You might be able to get away with your specific case
I am not a lawyer, and I'm not qualified to give legal advice. However, reading the OGL, it looks like you're in a gray area:
7.Use of Product Identity: You agree not to Use any Product Identity, including as an indication as to compatibility, except as expressly licensed in another, independent Agreement with the owner of each element of that Product Identity. You agree not to indicate compatibility or co-adaptability with any Trademark or Registered Trademark in conjunction with a work containing Open Game Content except as expressly licensed in another, independent Agreement with the owner of such Trademark or Registered Trademark.
What is product identity? A huge list of things:
"Product Identity" means product and product line names, logos and identifying marks including trade dress; artifacts; creatures characters; stories, storylines, plots, thematic elements, dialogue, incidents, language, artwork, symbols, designs, depictions, likenesses, formats, poses, concepts, themes and graphic, photographic and other visual or audio representations; names and descriptions of characters, spells, enchantments, personalities, teams, personas, likenesses and special abilities; places, locations, environments, creatures, equipment, magical or supernatural abilities or effects, logos, symbols, or graphic designs;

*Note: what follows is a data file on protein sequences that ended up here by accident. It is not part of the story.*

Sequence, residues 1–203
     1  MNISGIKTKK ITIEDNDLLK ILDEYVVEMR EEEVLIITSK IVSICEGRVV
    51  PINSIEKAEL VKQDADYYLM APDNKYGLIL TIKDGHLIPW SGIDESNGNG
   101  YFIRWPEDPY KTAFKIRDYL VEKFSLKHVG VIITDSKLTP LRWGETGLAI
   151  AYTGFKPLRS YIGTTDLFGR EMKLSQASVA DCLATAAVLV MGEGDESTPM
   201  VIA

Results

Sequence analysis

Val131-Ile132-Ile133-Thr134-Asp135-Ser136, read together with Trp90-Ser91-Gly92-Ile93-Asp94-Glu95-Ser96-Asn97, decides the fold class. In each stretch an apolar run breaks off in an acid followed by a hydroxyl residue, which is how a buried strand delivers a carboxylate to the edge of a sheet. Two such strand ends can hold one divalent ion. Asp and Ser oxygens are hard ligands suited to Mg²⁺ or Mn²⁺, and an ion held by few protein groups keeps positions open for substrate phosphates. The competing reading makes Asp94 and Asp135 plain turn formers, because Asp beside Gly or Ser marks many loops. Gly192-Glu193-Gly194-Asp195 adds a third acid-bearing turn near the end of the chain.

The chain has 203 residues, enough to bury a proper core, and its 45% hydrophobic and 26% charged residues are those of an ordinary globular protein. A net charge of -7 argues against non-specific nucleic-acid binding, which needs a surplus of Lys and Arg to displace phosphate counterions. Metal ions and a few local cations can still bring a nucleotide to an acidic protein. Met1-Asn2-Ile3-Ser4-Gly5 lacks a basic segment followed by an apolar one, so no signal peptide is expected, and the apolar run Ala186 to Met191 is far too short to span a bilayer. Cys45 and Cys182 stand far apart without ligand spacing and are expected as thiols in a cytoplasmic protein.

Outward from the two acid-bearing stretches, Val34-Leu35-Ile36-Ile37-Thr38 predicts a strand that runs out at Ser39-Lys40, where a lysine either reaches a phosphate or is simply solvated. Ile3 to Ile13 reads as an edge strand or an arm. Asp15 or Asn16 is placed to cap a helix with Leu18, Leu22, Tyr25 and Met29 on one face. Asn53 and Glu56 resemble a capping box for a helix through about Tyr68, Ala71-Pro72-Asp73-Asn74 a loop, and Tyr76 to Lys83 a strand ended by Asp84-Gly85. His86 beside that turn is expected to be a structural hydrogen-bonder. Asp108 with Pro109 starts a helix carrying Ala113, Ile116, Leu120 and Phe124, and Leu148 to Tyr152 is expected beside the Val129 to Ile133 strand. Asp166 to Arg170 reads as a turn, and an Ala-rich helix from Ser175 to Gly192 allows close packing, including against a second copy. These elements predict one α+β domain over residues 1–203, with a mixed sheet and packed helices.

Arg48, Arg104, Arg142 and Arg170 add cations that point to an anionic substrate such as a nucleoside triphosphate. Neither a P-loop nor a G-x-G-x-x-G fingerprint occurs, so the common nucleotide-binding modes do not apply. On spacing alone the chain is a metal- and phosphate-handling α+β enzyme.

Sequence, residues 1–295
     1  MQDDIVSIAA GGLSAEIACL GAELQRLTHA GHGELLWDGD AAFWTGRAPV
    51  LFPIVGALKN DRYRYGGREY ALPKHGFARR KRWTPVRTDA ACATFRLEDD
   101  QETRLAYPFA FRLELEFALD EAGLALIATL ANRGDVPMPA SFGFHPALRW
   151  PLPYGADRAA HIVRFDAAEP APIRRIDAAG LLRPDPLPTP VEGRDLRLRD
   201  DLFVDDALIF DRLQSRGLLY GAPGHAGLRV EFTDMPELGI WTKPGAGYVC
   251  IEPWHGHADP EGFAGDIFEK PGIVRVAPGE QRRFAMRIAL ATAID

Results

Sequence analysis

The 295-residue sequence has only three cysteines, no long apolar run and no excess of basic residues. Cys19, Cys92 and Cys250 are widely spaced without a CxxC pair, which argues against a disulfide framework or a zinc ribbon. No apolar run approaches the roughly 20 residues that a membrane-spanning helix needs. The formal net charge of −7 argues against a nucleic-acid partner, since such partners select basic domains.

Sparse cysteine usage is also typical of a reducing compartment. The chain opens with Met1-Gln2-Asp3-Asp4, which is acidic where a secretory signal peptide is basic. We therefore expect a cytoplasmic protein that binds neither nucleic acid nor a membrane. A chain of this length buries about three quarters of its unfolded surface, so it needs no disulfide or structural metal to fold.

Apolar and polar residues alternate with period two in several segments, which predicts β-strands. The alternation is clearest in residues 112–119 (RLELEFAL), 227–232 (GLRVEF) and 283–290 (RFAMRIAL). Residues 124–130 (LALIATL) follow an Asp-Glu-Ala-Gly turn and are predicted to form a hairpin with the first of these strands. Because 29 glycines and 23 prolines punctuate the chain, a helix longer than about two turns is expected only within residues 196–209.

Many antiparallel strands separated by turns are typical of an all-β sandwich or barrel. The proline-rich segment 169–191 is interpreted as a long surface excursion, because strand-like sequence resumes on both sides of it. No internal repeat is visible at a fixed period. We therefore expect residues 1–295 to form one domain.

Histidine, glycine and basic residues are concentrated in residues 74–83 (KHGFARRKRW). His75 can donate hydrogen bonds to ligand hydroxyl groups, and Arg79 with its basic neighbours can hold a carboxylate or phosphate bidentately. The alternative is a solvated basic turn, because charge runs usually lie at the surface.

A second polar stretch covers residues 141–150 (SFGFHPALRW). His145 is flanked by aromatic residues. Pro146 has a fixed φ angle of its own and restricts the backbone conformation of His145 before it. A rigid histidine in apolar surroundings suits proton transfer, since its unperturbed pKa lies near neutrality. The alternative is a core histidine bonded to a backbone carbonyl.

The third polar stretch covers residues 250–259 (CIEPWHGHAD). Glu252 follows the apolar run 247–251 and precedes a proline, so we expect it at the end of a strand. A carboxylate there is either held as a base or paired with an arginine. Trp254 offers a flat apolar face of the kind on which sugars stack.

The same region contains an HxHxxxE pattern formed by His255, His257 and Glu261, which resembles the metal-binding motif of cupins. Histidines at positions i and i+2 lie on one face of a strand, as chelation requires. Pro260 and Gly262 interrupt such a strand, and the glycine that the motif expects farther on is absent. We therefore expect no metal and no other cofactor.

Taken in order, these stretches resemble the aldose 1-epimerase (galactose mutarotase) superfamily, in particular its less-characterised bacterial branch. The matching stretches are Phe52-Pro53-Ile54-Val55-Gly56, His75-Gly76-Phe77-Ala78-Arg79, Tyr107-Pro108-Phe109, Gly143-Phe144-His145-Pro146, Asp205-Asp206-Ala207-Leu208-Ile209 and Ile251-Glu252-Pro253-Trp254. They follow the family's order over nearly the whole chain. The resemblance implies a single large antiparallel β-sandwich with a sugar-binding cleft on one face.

A divine domain could arguably be one or more of the things described above (thematic elements? concepts? special abilities?), especially if you explicitly tie it to the PHB.
However, divine domains are not a uniquely D&D thing. You can probably say that Loki's domain is Trickery and Thor's domain is Thunder without violating copyright, for example. Thus, careful wording might help you dodge your issue. Then again, I'm not a lawyer.